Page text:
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What Is Attorney-Client Privilege?


Michael Cohen, U.S. President Donald Trump's personal attorney, walks to his hotel, April 10, 2018, in New York.

“Attorney-client privilege is dead,” President Donald Trump tweeted early Tuesday.

The outburst came a day after the FBI raided the New York office and hotel room of longtime Trump attorney Michael Cohen.

The FBI reportedly seized emails, tax documents and other records related to Cohen’s alleged payment of hush money to adult film actress Stormy Daniels and Playboy model Karen McDougal to keep them quiet about alleged sexual encounters with Trump.

The intrusion ignited not just the president's fury but also many of his supporters'.

Conservative commentator Laura Ingraham tweeted: “If by raiding the office of @realDonaldTrump’s attorney, the @fbi violated Trump’s attorney-client privilege, this is about to get really ugly.”

Like much of American law, the attorney-client privilege is rooted in English common law, according to Michael Frisch, an adjunct professor at the Georgetown University Law Center in Washington.

Exceptions to rule

“Without such a privilege," said the American Bar Association, "clients may not feel compelled to fully and openly communicate with their attorneys.”

But the privilege is not absolute, Frisch said.

“It has exceptions, and if the exceptions are met, evidence can be seized and admitted in a court,” Frisch said.

One exception is the so-called “crime-fraud” special case.

“Essentially, the privilege does not apply where the lawyer and the client are engaging in a crime or a fraud or the client is seeking assistance with respect to concealing a crime or a fraud,” Frisch said.

Another circumstance under which a lawyer can be searched is when he or she is the target of a criminal investigation. Cohen is reportedly being investigated for wire fraud, bank fraud, campaign finance violations.

While still rare, searches of lawyers’ premises occur regularly enough that the Justice Department has created guidelines for them, Frisch noted.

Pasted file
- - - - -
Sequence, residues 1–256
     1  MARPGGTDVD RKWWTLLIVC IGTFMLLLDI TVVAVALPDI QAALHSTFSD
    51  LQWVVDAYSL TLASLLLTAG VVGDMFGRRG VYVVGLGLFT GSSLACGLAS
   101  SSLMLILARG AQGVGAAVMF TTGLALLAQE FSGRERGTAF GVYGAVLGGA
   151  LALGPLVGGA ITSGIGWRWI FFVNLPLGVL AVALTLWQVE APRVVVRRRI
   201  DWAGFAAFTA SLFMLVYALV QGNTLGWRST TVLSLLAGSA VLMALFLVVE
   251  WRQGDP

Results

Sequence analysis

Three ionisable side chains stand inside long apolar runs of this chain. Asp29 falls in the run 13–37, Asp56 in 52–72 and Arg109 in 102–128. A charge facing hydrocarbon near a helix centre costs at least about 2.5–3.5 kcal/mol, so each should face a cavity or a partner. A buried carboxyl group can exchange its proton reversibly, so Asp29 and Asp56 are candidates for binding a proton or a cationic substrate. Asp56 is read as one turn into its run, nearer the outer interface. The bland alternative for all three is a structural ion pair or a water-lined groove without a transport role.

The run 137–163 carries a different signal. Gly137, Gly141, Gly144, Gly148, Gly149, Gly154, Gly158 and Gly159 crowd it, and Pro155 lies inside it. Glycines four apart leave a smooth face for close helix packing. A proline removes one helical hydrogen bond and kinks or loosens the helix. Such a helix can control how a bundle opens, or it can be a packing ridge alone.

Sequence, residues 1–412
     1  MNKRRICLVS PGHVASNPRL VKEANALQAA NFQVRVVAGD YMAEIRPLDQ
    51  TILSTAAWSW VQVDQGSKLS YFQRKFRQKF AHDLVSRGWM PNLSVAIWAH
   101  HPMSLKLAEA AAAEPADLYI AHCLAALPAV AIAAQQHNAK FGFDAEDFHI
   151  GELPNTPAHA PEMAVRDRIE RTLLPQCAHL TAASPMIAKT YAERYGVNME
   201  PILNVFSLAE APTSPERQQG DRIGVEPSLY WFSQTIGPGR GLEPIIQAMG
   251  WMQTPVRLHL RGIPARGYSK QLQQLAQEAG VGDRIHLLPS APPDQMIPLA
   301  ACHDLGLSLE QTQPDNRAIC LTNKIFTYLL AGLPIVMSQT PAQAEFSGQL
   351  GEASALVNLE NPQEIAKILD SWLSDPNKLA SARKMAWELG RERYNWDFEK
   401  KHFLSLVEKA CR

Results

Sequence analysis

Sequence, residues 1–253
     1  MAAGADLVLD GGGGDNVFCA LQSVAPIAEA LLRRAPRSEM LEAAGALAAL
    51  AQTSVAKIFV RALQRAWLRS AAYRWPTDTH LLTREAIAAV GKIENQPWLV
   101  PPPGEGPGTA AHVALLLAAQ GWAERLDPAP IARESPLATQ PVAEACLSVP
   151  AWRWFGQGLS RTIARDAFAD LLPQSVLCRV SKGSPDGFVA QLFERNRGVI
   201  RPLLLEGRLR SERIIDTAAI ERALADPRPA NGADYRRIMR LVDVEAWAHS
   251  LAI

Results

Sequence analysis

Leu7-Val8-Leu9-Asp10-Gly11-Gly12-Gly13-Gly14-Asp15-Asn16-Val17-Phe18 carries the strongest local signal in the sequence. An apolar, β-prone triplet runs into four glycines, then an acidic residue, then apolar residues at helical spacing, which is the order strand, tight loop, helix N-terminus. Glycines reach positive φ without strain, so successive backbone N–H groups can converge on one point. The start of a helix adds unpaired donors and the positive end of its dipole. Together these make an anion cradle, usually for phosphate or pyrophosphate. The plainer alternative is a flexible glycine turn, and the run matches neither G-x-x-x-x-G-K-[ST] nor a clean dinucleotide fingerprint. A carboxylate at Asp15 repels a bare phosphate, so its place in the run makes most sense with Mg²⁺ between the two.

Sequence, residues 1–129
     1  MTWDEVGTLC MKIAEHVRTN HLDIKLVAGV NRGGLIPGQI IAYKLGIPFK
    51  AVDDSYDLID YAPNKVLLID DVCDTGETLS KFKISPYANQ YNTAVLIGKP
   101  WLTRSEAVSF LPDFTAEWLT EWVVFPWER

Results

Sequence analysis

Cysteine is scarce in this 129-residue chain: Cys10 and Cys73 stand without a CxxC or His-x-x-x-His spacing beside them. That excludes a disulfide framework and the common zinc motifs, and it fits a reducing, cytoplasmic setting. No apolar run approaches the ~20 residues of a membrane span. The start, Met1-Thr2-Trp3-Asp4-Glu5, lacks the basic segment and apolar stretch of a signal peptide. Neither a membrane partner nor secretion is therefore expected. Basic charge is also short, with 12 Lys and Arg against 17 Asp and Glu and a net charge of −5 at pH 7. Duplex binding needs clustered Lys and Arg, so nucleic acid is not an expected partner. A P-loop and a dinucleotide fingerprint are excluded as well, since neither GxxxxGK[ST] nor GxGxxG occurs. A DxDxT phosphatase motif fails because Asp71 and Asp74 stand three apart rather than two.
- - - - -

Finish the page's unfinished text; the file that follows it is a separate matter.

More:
The policy is stringent. Prosecutors are asked to use search warrants as a last resort and only after they have exhausted all other legal options of obtaining the information they want from an attorney's office.

Police and security personnel stand outside 30 Rockefeller Plaza, housing the offices of U.S. President Donald Tump's lawyer Michael Cohen which was raided by the FBI in the Manhattan borough of New York City, New York, April 9, 2018.
Police and security personnel stand outside 30 Rockefeller Plaza, housing the offices of U.S. President Donald Tump's lawyer Michael Cohen which was raided by the FBI in the Manhattan borough of New York City, New York, April 9, 2018.

In Cohen's case, it is not clear why prosecutors believed they could not obtain the records they needed for their investigation without executing a search warrant.

‘Unnecessary seizure'

Stephen Ryan, an attorney for Cohen, denounced the prosecutors' use of search warrants as "completely inappropriate and unnecessary” and said they resulted in the “seizure of protected attorney-client communications between a lawyer and his clients.”

The U.S. Attorney’s manual lays out guidelines for conducting such searches, from setting a high-level approval process to handling privileged communications inadvertently seized.

Before a search warrant application is submitted to a federal magistrate, a U.S. attorney or the head of the Justice Department’s criminal division must sign off. In Cohen’s case, prosecutors reportedly obtained the approval of deputy attorney general Rod Rosenstein, the Justice Department’s No. 2 official.

To minimize intrusion into privileged material, the search warrant must be drawn “as specifically as possible.” Agents responsible for conducting the search receive special instructions in order to ensure the prosecution is not “tainted” by any privileged material.

To further protect the process, a “privilege team” of agents and lawyers not directly involved in the investigation is set up to advise agents during the search and to mark communications that can't be touched.

“If an assigned prosecutor or an assigned agent obtains privileged information and reviews it, however inadvertently, they can be excluded from the investigation or the entire team could be tainted by the exposure to the privileged information,” said Eric Jaso, a former federal prosecutor and now a partner at the Spiro Harrison law firm in Short Hills, N.J.

Frisch said that Trump’s contention that the “attorney-client privilege is dead” reflects “an entirely unfair and inadequate understanding of what the privilege is.”

“It is not an absolute protection,” he said.

Jaso said that while “it is dangerous to speculate what evidence might have been presented” in connection with the search warrant application, he understood Trump’s venting.

“I think the president is responding in a very human way, simply saying, 'Hey, this is my lawyer,'” Jaso said. “I don’t think anybody among us would want government investigators poring through our own personal attorney’s personal records without any good reason.”

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